New study points to bone health benefits of annatto-derived tocotrienols, a form of vitamin E

By Adi Menayang contact

- Last updated on GMT

Fruit of an achiote tree, from which annatto seeds are obtained. © American River Nutrition
Fruit of an achiote tree, from which annatto seeds are obtained. © American River Nutrition
Supplementation with annatto-derived tocotrienol decreased bone resorption and improved bone turnover rate in postmenopausal women more than a placebo, according to a new study.

Conducted by researchers from the Texas Tech University Health Sciences Center and the Georgia State University, the study uncovers a new benefit with which vitamin E has not been traditionally associated—bone health.

“It is true that ‘vitamin E’ doesn’t jump to mind for bone health. This is likely because the most popularized vitamin E–alpha-tocopherol–was not shown to significantly contribute to bone health,”​ Dr. Barrie Tan, founder and president of American River Nutrition​, told NutraIngredients-USA.

His company provided funding as well as the intervention ingredient used in the study, an annatto extract containing 90% delta-tocotrienols and 10% gamma-tocotrienols marketed under the brand name DeltaGold.

The amount of scientific studies surrounding tocotrienols, a form of vitamin E, is minuscule compared to the more researched, more widely available form alpha-tocopherol, and Dr. Tan has spent decades of his career in promoting the benefits of tocotrienols through speaking engagements and industry media channels to a wide variety of stakeholders and health care professionals.

“While this clinical study is the first of its kind, research on tocotrienol’s bone health benefits has been well-document for the past approximately 10 years in animal studies,”​ Dr. Tan added.

Study design and results

The researchers recruited 89 postmenopausal women with a bone mineral density lower than normal—a condition known as osteopenia—for the randomized, double-blind and placebo controlled study published​ in Osteoporosis International.

They were randomly assigned to three groups: A placebo group with 430 mg olive oil/day, a low tocotrienol group with 430 mg of 70% pure tocotrienol/day, and a high tocotrienol group with 860 mg of 70% pure tocotrienol/day.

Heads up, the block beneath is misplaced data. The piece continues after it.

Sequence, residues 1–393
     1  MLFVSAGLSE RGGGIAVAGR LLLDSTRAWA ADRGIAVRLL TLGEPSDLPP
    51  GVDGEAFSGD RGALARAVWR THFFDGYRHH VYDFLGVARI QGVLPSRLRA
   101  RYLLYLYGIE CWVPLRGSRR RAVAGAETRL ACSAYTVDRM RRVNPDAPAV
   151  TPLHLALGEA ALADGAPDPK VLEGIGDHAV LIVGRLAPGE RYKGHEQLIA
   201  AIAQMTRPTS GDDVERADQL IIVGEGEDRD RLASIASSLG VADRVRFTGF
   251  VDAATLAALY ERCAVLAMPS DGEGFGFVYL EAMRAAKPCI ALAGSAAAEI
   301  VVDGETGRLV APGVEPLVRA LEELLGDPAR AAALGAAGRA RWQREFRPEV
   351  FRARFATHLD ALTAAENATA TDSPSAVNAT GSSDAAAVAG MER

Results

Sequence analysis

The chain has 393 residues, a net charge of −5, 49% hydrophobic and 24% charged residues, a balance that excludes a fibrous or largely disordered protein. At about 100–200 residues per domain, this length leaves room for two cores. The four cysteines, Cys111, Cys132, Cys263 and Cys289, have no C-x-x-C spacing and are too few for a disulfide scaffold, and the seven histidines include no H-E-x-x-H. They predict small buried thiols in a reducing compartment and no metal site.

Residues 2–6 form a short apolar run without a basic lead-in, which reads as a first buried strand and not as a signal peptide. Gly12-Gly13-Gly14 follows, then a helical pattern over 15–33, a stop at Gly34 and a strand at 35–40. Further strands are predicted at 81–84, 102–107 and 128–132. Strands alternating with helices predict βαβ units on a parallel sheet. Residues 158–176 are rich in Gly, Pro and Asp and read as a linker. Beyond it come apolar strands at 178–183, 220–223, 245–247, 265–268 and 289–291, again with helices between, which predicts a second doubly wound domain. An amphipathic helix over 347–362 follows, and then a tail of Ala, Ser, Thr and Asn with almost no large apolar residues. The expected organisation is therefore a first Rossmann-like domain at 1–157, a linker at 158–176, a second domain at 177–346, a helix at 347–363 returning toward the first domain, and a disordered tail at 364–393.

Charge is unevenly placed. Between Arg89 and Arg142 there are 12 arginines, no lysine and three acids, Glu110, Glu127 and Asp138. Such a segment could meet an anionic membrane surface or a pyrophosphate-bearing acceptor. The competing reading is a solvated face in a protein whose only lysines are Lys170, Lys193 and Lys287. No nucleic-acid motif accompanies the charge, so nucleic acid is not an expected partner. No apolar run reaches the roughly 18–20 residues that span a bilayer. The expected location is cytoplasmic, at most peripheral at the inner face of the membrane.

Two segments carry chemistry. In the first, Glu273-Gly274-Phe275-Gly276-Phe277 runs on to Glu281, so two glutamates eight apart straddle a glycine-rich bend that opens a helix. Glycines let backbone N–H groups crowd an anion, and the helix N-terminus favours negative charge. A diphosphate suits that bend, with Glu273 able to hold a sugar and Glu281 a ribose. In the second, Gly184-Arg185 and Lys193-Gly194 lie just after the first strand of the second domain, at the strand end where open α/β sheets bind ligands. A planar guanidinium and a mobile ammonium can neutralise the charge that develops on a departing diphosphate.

All oils were delivered in soft gel capsules to be taken daily over 12 weeks. The tocotrienol intervention capsule is registered with an FDA Investigational New Drug number.

Relative to the placebo group, tocotrienol supplementation decreased bone resorption and improved bone turnover rate six week in the study, as seen from biomarkers such as bone-specific alkaline phosphatase and osteoprotegerin.

“This study showed that supplementation of tocotrienols, mainly delta-tocotrienols, suppressed bone [bone remodeling regulators],”​ the researchers wrote in the report.

“Such osteoprotective tocotrienol’s effects may be, in part, mediated by an inhibition of oxidative stress,”​ they added.

Increasing awareness in the market place

“There are several dozen product formulations available in the US that contain DeltaGold, and none of them have been positioned as bone health supplements at this point,”​ Dr. Tan said, adding that the ingredient is mostly used for cardiovascular and anti-inflammatory-positioned supplements.

However, he argued that because some of these products are presented as antioxidants or to target inflammation–the two pathways that are likely involved in the mechanism for bone health benefit –they can easily be positioned as bone health supplements.

“Some great new combinations with DeltaGold to address bone health could include vitamin D, vitamin K2 and menaquinone, as these ingredients are already scientifically indicated to aid bone health,”​ he added.

“Communicating the bone health benefits of tocotrienol discovered through this first-of-a-kind clinical trial will be new to us. Tocotrienol does not act like vitamin D (a hormone) that supports calcium (a constituent mineral) in bone-building. Instead, tocotrienol, which happens to be a member of the vitamin E family, works directly with living bone cells (bone-building osteoblasts and  osteoclasts involved in the breakdown of bone) to create a balance that favors build-up of bone.”

Source: Osteoporosis International

Published online ahead of print, 2018 Jan 12. doi: 10.1007/s00198-017-4356-x

“Tocotrienol supplementation suppressed bone resorption and oxidative stress in postmenopausal osteopenic women: a 12-week randomized double-blinded placebo-controlled trial”

Authors: Shen, C.L., Yang, S., Tomison, M.D., Romero, A.W., Felton, C.K., Mo H.

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